U.S. lawmakers have deliberated on the prospect of banning cryptocurrencies as an answer to the ransomware attacks that have befallen United States institutions within the past month, and opinions appear to be mixed.
The largest fuel pipeline in America was delivered to a halt earlier in May when hackers infected the pc networks of Colonial Pipeline. Food packing company JBS was hit with an identical attack. Colonial Pipeline has since paid a reported $4.4 Mln in ransom.
Senator Mark Warner addressed the matter within NBC News’ Meet the Press earlier on Sunday, where it had been put to him by reporter Chuck Todd that banning cryptocurrencies entirely could curb the growing trend where cyberattackers demand ransom in Bitcoin [BTC] as well as other cryptocurrencies.
Warner disagreed that crypto should be banned entirely, adding that goodies had begun of DLT but that its dark underbelly was now being exposed.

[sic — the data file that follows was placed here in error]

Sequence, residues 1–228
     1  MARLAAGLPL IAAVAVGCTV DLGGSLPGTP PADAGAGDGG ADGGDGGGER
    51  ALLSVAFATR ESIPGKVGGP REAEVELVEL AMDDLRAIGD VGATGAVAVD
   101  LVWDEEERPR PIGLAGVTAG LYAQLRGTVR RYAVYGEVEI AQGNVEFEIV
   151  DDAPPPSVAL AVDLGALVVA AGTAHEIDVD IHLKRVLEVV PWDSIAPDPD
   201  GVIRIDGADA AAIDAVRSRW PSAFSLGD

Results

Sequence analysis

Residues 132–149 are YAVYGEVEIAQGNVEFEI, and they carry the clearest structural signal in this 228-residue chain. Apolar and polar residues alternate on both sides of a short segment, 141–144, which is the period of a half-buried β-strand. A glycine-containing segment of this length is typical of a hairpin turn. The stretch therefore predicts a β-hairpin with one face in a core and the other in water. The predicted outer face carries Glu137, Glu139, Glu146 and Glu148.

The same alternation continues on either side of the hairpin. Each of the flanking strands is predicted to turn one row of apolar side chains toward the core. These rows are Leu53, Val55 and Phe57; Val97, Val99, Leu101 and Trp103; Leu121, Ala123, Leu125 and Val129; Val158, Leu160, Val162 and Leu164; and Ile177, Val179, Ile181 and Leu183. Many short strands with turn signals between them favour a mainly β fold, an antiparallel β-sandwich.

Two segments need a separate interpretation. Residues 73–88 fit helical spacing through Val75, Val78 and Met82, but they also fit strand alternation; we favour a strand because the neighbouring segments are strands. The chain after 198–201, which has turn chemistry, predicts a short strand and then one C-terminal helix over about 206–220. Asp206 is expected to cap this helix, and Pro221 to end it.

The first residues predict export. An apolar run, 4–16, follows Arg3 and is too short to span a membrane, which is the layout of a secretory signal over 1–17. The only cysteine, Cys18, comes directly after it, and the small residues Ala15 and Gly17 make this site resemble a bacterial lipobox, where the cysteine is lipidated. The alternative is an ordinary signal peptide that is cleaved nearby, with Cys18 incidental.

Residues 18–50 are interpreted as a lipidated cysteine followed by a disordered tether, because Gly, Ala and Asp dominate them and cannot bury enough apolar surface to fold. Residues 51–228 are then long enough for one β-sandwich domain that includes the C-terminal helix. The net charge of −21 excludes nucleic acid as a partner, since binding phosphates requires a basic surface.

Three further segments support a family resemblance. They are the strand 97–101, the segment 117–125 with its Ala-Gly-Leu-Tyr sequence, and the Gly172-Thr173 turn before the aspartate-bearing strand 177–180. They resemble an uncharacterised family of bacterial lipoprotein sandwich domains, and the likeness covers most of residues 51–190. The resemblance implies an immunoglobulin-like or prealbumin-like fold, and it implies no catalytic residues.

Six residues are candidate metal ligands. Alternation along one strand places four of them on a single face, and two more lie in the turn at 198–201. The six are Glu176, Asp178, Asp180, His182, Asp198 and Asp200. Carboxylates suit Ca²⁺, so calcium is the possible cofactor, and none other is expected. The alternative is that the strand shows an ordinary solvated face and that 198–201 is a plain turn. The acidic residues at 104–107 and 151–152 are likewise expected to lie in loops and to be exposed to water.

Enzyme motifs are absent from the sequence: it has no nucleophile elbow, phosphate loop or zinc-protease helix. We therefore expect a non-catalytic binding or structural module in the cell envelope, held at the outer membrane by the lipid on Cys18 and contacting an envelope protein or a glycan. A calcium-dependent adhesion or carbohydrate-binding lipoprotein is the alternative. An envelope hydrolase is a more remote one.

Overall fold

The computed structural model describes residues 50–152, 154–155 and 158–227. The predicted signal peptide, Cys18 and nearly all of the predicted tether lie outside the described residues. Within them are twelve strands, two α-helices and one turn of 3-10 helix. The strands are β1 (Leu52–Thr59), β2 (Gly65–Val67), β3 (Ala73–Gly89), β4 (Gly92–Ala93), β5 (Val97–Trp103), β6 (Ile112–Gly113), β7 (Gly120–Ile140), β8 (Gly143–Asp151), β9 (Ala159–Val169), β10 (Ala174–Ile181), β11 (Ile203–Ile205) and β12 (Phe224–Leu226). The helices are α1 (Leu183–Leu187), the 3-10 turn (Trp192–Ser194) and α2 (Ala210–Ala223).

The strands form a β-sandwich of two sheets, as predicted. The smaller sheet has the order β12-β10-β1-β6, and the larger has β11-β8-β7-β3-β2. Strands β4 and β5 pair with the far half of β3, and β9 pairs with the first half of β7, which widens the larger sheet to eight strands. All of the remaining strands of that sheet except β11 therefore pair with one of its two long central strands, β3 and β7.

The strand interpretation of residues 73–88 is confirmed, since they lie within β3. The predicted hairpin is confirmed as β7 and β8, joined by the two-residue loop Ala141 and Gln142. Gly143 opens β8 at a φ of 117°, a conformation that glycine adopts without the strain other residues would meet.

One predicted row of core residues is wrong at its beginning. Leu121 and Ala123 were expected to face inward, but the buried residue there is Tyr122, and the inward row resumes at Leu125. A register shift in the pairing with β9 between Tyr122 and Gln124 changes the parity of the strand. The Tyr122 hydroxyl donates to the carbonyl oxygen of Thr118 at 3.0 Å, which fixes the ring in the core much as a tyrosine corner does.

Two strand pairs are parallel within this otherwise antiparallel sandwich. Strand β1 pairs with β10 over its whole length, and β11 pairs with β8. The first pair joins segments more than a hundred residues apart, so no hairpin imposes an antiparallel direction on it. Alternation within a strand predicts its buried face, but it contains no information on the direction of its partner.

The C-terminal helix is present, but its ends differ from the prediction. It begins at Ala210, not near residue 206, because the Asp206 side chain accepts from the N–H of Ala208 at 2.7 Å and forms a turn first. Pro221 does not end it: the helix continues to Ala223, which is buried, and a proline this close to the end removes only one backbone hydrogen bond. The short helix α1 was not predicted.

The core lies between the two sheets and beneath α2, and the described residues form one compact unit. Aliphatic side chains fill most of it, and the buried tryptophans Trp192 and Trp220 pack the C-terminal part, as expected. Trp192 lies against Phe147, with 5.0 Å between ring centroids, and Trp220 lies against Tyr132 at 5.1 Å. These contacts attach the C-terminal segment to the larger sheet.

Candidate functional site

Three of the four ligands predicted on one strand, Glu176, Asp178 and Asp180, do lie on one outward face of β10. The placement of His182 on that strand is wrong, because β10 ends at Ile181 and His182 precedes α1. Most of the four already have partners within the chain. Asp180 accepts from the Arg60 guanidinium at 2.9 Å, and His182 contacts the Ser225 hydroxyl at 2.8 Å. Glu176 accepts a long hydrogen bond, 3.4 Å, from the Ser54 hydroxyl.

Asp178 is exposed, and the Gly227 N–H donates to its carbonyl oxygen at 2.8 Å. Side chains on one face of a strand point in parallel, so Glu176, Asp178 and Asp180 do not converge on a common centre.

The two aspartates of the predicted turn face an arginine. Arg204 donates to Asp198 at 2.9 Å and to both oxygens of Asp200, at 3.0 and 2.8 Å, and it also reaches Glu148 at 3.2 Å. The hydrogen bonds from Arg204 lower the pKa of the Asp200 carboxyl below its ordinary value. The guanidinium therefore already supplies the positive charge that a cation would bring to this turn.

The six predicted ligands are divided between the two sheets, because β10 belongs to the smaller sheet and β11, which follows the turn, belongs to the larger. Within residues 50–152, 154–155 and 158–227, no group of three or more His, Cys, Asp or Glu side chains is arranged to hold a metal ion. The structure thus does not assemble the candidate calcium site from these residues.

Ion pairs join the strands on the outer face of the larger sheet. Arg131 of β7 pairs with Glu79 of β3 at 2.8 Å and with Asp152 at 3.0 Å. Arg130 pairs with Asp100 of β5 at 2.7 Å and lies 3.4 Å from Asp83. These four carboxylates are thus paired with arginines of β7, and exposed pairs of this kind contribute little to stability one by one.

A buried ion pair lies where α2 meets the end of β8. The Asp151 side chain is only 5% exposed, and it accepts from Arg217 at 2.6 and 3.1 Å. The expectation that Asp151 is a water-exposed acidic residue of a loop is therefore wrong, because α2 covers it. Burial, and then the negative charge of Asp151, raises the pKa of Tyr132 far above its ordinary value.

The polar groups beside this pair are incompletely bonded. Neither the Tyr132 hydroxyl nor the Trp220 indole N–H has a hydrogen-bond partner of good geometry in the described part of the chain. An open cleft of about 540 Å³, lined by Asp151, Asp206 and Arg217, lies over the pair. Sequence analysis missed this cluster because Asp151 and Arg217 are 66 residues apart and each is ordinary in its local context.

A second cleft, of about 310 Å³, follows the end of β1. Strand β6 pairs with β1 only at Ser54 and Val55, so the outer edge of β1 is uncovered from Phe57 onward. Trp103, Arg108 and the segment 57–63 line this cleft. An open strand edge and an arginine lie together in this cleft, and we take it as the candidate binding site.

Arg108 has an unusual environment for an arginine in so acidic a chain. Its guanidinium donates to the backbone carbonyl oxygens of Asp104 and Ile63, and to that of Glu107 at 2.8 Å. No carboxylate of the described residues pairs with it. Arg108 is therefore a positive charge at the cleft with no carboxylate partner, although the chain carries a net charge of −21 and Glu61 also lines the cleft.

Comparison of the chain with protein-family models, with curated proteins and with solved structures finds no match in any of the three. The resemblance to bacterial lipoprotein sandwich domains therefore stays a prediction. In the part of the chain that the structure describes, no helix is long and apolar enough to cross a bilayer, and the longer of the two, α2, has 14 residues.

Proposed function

“I’ve got tons of questions on crypto. There have been some goodies starting of DLT, but we are now seeing a number of the dark underbelly […] and that’s why I’m focusing more on transparency,” he added.
Warner claimed certain cryptocurrency “systems” could already be breached by authorities if they so desired. Additionally, he outlined that stopping the technology would simply redirect criminals toward different technologies.
“The truth is there are ways in which we will break via a number of these systems, but […] if there’s not some transparency of that payment, the bad guys will simply find differently to cover it,” added Warner.
Senator Roy Blunt suggested cryptocurrency shouldn’t be left to run behind the scenes of illegal activities, arguing that cryptocurrency had become the most tool of ransomware attackers, due to its untraceable nature and simple use.